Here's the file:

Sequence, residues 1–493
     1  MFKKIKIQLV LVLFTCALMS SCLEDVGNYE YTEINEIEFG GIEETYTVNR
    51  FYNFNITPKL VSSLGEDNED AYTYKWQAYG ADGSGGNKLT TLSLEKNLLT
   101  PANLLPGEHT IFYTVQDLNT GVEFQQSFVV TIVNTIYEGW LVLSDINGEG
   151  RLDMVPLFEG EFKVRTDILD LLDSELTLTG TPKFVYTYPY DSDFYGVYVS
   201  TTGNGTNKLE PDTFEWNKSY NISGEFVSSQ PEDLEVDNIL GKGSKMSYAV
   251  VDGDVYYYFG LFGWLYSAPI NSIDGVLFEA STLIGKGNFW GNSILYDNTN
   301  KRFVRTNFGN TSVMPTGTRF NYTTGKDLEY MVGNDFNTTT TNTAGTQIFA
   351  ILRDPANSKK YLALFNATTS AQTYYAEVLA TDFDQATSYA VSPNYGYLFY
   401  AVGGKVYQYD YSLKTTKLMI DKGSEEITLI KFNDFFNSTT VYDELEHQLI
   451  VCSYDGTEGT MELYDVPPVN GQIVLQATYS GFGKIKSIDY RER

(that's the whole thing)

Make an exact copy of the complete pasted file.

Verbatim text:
Sequence, residues 1–493
     1  MFKKIKIQLV LVLFTCALMS SCLEDVGNYE YTEINEIEFG GIEETYTVNR
    51  FYNFNITPKL VSSLGEDNED AYTYKWQAYG ADGSGGNKLT TLSLEKNLLT
   101  PANLLPGEHT IFYTVQDLNT GVEFQQSFVV TIVNTIYEGW LVLSDINGEG
   151  RLDMVPLFEG EFKVRTDILD LLDSELTLTG TPKFVYTYPY DSDFYGVYVS
   201  TTGNGTNKLE PDTFEWNKSY NISGEFVSSQ PEDLEVDNIL GKGSKMSYAV
   251  VDGDVYYYFG LFGWLYSAPI NSIDGVLFEA STLIGKGNFW GNSILYDNTN
   301  KRFVRTNFGN TSVMPTGTRF NYTTGKDLEY MVGNDFNTTT TNTAGTQIFA
   351  ILRDPANSKK YLALFNATTS AQTYYAEVLA TDFDQATSYA VSPNYGYLFY
   401  AVGGKVYQYD YSLKTTKLMI DKGSEEITLI KFNDFFNSTT VYDELEHQLI
   451  VCSYDGTEGT MELYDVPPVN GQIVLQATYS GFGKIKSIDY RER